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required by law, its decision is not supported by the findings, or the findings are not supported by the evidence. (§ 1094.5, subd. (b).) Where there is a claim that the findings are not supported by the evidence and, in matters like this where the court does not exercise its independent judgment on the evidence, abuse of discretion is established if the court determines that the findings are not supported by substantial evidence in light of the whole record. (§1094.5, subd. (c); Getz v. City of West Hollywood (1991)233 Cal.App.3d 625, 627.)

The appellate court reviews the agency’s decision under the same substantial evidence standard used by the trial court.

II. Timeliness of Petition
. . . . . . . . . . . . . . . . . . . . . . . . . . . . . . . . . . . .

III. Costa-Hawkins Act
Prior to enactment of the Costa-Hawkins Act, local rent control ordinances were generally categorized as “strict” or “moderate.” “Strict” or “vacancy control” ordinances continued control of the rent on a unit when it became vacant, prohibiting an increase when a new tenant occupied the unit. “Moderate” or “vacancy decontrol” ordinances, such as the San Francisco Rent Ordinance, permitted a landlord to raise the rent on a unit to market rate when it became vacant and a new tenant moved in; once this new rent was determined the rent was again controlled during this tenant’s occupancy. (Legis. Analyst, analysis of Assem. Bill No. 1164 (1995-1996 Reg. Sess.) p. 2.)

The Costa-Hawkins Act establishes vacancy decontrol for residential dwelling units where the former tenant has voluntarily vacated, abandoned or been legally evicted. (Legis. Analyst, analysis of Assem. Bill No. 1164 (1995-1996 Reg. Sess.) p. 2.) Thus, “[n]otwithstanding any other provision of law, an owner of residential real property may establish the initial rental rate for a dwelling or unit,” except in specified situations. (Civ. Code, § 1954.53, subd. (a).) Although the Costa-Hawkins Act does not define “initial rental rate,” the parties do not dispute that Civil Code section 1954.53, subdivision (a) permits landlords to impose whatever rent they choose at the commencement of a tenancy.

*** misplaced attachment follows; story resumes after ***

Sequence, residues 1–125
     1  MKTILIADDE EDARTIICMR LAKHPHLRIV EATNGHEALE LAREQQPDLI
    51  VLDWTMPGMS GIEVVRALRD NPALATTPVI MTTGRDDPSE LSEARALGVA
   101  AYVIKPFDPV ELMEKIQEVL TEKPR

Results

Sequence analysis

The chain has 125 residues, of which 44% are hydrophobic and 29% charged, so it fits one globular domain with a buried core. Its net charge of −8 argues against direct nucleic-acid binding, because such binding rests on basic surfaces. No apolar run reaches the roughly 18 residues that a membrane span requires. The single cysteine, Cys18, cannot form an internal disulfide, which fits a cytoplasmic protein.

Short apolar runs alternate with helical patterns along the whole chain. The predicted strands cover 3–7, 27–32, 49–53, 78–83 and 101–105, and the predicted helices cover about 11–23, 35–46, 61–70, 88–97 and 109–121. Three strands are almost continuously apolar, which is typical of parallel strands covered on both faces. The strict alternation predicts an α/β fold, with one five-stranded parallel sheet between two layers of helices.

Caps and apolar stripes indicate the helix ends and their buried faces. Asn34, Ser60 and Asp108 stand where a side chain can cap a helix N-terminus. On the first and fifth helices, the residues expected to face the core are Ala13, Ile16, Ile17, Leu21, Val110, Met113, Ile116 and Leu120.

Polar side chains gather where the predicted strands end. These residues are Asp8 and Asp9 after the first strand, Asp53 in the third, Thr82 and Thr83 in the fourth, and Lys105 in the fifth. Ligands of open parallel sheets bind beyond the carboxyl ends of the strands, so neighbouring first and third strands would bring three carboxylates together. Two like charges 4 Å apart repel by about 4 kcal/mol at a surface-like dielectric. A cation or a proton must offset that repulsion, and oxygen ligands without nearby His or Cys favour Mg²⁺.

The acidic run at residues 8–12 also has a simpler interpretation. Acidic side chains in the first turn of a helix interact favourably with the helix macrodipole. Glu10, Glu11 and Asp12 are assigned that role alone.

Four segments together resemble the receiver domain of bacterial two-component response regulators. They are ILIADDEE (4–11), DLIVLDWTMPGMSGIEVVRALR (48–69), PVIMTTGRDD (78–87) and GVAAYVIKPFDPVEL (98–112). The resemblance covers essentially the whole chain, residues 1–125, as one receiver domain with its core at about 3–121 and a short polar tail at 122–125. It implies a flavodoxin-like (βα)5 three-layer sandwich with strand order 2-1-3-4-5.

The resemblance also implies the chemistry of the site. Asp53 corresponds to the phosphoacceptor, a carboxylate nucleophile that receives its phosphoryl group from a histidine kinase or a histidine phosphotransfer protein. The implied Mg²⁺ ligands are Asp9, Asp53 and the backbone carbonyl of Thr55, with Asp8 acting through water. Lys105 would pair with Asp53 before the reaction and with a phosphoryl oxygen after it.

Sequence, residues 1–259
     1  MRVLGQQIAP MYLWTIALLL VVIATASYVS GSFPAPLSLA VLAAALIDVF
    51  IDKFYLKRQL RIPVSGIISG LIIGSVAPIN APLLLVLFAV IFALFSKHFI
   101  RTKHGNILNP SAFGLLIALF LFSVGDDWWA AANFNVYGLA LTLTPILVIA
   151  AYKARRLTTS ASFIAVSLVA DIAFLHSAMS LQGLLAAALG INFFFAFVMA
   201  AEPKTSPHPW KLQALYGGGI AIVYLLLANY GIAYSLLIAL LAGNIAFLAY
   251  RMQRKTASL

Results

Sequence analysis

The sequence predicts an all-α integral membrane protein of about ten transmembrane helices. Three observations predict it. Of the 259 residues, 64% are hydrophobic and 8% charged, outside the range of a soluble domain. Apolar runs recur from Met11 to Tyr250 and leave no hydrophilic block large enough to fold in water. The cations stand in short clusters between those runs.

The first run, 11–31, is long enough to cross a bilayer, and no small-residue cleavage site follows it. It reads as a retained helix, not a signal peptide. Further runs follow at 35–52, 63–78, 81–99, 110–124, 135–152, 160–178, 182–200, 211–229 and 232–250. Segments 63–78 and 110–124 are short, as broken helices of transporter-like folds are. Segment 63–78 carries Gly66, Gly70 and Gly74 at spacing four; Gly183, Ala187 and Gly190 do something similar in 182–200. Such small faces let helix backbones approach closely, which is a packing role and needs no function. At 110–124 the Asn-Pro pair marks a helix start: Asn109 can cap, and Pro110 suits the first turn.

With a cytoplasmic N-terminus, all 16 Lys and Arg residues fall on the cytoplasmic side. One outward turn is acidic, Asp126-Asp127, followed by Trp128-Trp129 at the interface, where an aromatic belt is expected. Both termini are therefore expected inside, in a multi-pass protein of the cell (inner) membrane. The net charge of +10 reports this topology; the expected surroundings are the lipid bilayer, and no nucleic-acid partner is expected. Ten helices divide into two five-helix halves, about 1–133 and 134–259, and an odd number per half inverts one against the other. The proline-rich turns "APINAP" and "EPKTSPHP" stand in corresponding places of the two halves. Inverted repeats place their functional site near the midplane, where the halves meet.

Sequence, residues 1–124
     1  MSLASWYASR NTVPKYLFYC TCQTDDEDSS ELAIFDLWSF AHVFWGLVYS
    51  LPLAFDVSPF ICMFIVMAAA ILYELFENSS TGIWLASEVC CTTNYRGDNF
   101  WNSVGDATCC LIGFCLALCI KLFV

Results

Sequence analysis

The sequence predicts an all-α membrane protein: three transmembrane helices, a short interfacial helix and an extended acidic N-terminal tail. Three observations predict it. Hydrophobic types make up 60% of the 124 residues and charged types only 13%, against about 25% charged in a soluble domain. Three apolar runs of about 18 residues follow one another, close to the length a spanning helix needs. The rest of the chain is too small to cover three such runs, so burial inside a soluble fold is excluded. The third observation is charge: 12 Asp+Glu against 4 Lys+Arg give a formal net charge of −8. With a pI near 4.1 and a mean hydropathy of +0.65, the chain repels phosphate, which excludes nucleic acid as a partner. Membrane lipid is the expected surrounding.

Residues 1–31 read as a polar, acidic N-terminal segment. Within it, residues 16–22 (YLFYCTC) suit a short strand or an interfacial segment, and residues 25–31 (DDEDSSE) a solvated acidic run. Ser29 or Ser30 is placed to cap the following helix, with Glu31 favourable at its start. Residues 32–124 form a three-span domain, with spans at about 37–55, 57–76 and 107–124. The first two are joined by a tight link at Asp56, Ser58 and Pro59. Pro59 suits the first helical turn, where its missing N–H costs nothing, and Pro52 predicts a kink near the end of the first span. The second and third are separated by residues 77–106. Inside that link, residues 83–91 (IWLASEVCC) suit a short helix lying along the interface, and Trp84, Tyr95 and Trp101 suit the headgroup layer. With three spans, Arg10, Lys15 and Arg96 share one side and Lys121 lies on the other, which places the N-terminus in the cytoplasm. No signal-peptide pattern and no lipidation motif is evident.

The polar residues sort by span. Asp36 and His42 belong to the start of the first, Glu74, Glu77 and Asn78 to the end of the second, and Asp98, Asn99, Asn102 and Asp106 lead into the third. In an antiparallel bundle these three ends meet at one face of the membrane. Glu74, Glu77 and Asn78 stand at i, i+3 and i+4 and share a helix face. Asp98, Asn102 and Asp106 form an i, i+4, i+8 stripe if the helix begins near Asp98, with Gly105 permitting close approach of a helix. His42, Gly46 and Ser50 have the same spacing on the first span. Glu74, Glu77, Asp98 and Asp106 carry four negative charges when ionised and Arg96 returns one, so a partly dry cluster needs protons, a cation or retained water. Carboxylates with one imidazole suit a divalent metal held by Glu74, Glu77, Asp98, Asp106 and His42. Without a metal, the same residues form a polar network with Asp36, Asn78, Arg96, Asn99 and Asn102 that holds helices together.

As previously noted, the Costa-Hawkins Act also provides that the landlord may increase the rent by any amount to the lawful sublessee or assignee

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of the original occupant when the original occupant no longer resides in the unit permanently and the sublessee or assignee did not reside in the unit prior to January 1, 1996. (Civ. Code, §1954.53, subd. (d); Legis. Analyst, analysis of Assem. Bill No. 1164 (1995-1996 Reg. Sess.) p. 3.) Passalacqua did not reside in the apartment until March 1996. Therefore, the Costa-Harris Act entitled Cobb to impose a rental rate in an amount of his choosing, as he sought to do with his notice of rent increase effective November 1, 1999, if either of two circumstances were present: Passalacqua’s initial occupancy as a new tenant commenced on that date (Civ. Code, § 1954.53, subd. (a)), or Passalacqua was Restoni’s sublessee or assignee as of that date (Civ. Code, § 1954.53, subd. (d)). Substantial evidence supports the Rent Board’s findings that Passalacqua was not a sublessee or assignee on November 1, 1999, but rather that he became a tenant in his own right in June 1998 or at least no later than October 1998.